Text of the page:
My second, and perhaps more important point is that there is now a distributed data copy of Steve Bilow, floating around Cyberspace. It may be distributed but it’s still privately owned. This is my digital doppelganger and the only one who seems not to own it is ME.

That is what I call my “Dataganger” and I have a lot more to say about it in my next few posts.

There may be a book in my future. Who knows?

(Well, actually, Amazon, Google, Twitter, Facebook, Nest, T-Mobile, Apple, Fitbit, the parking lot and building owners at my place of business, Harvest, Comcast, Zillow, Roku, Ancestry, Credit Karma, and only God knows who else probably have enough data about be to make a pretty accurate inference. So, SOMEBODY probably does know.  Just not me. I own one me… large corporations own the other, the federated, me. That’s the bad news…………..)


I’d like to start by apologizing to those of you who are actually engaged followers of my writing. My last post was over 3 months ago and even that was just a reblog. I have found myself in a situation of looking for a new “real job” and everyone I know tells me to be careful of what I write. All of them are correct. After all it’s difficult to undo a first impression and everyone who sees my resume will see my social media. I do need to be cognizant of that. So to my followers, I’m sorry I’ve given you so little.

In theory, since I’m sending around lots of resumes, I also need to begin by welcoming those of you who are here because you want to know if you should interview me. Trust me, you should 🙂 When you look at these posts please don’t focus on the one or two you disagree with or find strange. Rather, consider how refreshing it might be to work with someone who thinks and who has such absolute integrity as to be 110% transparent. You won’t like all you read but you will hopefully find it thought-provoking. That’s what my next employer will get: unconditional integrity, transparency, and intellect. That is who I am. Ok… And I try like heck to be funny too since that is my stress coping mechanism.

Which brings me to the point of this post…

Every firm has resources. Every resource has a cost. Every cost goes on the expense side of a balance sheet. Every balance sheet needs to ultimately represent a profitable, fiscally viable, business. My iPad is a resource. My Mont Blanc pen is a resource. My glass kiln is resource. My house is a resource. My wife and I are resources. But only the last resources I mentioned can have unconditional integrity, humor, love, emotion, empathy, fear, creativity, strategic agility, and compassion. So, in the next few weeks I want to address my contention that humans can’t simply be treated as financial resources. My personal moral-compass points to human value and dignity at exactly true north.

I have been involved with several firms that are in transition. All of them seem to have expense issues at one time or another. Reducing travel expenses so that we “don’t need to make ‘other’ resource reductions”, for example, is a very poorly disguised code for pending layoffs. That was not my particular situation but I’ve been on both sides of the equation and I get it. That said, I propose (and this is where I always thought my PhD dissertation in business ethics – maybe in my next life – should end up) that $1m in travel and $1m in human capital are not equivalent. You can’t ruin a non-human life but you can destroy a family in an instant when you treat human and non-human resources identically. Over the course of this series of posts I will explain why both business ethics and virtue ethics in a business context should be founded on treating humans as inherently higher value than their comparably costed non-human resources.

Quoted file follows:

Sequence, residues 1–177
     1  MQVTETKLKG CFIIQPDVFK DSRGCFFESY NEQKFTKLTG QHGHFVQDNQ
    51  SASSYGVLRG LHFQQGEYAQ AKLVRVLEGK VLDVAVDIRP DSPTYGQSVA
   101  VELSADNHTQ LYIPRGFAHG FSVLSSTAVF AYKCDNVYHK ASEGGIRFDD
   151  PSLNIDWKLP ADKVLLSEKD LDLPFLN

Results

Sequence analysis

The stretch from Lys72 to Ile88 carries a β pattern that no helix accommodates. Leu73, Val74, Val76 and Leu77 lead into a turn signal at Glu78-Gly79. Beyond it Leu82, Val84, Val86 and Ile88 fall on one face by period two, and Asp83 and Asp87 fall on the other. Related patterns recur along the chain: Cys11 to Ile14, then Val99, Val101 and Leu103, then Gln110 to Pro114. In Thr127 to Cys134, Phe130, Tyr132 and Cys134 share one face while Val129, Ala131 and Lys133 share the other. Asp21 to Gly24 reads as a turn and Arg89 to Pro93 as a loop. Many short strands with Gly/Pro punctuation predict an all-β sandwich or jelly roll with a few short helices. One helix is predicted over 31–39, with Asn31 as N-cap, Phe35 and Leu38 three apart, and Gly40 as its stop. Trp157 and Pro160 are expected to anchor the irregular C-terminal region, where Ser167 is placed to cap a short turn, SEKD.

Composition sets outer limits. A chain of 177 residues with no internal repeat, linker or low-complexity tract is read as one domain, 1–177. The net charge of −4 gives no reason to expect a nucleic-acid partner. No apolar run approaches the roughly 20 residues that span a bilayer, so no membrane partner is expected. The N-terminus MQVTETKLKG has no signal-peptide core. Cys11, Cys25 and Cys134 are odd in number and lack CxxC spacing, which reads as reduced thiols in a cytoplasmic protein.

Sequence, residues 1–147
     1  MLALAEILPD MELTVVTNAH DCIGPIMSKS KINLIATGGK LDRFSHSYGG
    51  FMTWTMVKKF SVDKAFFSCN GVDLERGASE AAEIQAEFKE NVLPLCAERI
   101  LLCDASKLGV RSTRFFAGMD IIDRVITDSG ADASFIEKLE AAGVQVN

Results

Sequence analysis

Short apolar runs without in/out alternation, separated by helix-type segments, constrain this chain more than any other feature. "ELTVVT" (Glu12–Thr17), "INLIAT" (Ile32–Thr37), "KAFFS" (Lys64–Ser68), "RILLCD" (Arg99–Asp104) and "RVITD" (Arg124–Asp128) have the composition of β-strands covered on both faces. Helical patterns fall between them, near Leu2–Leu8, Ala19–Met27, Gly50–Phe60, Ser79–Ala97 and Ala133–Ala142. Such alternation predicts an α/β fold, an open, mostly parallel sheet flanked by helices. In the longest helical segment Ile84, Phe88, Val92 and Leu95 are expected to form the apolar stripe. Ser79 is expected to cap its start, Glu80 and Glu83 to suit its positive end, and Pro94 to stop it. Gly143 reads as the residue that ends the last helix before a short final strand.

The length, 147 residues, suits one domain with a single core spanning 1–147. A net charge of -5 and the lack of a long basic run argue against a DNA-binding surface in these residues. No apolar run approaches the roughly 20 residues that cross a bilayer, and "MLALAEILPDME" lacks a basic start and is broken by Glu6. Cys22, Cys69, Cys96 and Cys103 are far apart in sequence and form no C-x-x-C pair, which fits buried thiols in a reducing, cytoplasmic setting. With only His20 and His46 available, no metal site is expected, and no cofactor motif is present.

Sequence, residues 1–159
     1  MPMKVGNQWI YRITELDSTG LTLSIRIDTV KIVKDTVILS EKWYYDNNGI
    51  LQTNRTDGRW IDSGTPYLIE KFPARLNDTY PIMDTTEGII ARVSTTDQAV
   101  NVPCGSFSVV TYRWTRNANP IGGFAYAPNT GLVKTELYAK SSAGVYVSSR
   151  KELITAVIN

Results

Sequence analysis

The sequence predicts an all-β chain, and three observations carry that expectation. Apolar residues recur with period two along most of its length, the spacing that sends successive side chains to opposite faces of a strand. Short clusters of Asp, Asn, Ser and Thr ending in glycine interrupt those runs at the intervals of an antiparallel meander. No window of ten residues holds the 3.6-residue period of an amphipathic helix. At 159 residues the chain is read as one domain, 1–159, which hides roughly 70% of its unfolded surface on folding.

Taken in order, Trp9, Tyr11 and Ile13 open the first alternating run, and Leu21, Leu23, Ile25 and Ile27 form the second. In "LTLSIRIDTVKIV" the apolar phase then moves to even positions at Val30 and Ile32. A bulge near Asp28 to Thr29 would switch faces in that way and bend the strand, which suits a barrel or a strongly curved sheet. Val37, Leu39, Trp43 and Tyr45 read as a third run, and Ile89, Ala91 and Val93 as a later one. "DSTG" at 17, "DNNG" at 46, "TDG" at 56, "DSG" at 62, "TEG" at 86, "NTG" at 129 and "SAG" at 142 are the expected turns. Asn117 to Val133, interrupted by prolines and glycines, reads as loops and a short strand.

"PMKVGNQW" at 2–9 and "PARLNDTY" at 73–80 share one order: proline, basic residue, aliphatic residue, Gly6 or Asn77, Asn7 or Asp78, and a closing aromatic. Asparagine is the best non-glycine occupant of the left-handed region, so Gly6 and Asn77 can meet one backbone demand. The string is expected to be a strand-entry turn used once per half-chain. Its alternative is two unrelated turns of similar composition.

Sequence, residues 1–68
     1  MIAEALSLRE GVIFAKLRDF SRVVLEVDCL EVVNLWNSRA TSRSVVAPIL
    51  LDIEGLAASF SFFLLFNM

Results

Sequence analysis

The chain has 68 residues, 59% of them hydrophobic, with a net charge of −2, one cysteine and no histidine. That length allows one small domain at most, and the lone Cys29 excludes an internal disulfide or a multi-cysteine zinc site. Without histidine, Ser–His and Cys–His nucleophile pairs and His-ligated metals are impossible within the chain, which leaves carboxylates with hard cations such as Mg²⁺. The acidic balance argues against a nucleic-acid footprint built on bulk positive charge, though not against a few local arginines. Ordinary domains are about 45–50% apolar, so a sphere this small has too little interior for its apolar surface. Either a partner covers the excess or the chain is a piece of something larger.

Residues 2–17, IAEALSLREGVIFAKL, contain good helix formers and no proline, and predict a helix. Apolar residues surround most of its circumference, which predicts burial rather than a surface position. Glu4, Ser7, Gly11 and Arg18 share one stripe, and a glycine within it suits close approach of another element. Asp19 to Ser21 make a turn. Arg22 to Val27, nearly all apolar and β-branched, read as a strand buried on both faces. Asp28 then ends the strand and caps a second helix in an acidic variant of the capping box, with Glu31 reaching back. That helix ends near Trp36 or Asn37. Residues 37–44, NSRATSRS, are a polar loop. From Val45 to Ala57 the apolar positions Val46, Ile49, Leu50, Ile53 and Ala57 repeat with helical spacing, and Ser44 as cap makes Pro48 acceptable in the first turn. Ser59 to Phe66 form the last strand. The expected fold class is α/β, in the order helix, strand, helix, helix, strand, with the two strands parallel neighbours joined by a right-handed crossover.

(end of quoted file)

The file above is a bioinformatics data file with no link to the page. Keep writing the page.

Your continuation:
So… Stay tuned.

Consider this:

Suppose there were 5 people, all the same age and in the same state of health, who were diagnosed with the same terminal illness that had progressed to the same degree. All were expected to die.

Person 1 has a church full of devout Christians praying for them.

Person 2 has a their Synagogue praying the Mi Sheberach healing prayer for them every day.

Person 3 has everyone in their Mosque praying for them.

Person 4 has every Shinto priest in Japan praying that the ancestors heal them.

Person 5 has there most devoted atheist friends visiting and comforting them each day and hoping for healing.

Would there be a difference in the outcome of the illness for each of these 5 people?

I know what I think and it may not be what you expect. But, I’m not going to tell you until you tell me what you think. If you are willing to play then comment on this post and answer this;

1. Would there be a difference in the outcome of the illness for each person?

2. Why?

3. If you answered question 2 by saying that God, Spirit, the universe, the ancestors, whatever, intervenes in what happens then do the people with the illness deserve what happens to them and why would that “higher power” choose to help some but not others?

I’ll tell you what I think in another post. Right now I want to give you a voice.

Some people hate my diatribes against political candidates, religious zealots, anti-rationalists, creationists, science-haters, war-mongers, racists, misogynists, antisemites, homophobes, and my whole cast of characters. Some people love them.

People of different backgrounds also have widely different responses to my posts on loving each other, respect for every individual life, the ethics of war, respect for religious diversity, struggling with rationalism, respect for atheists, and love of our lonely little blue rock in space.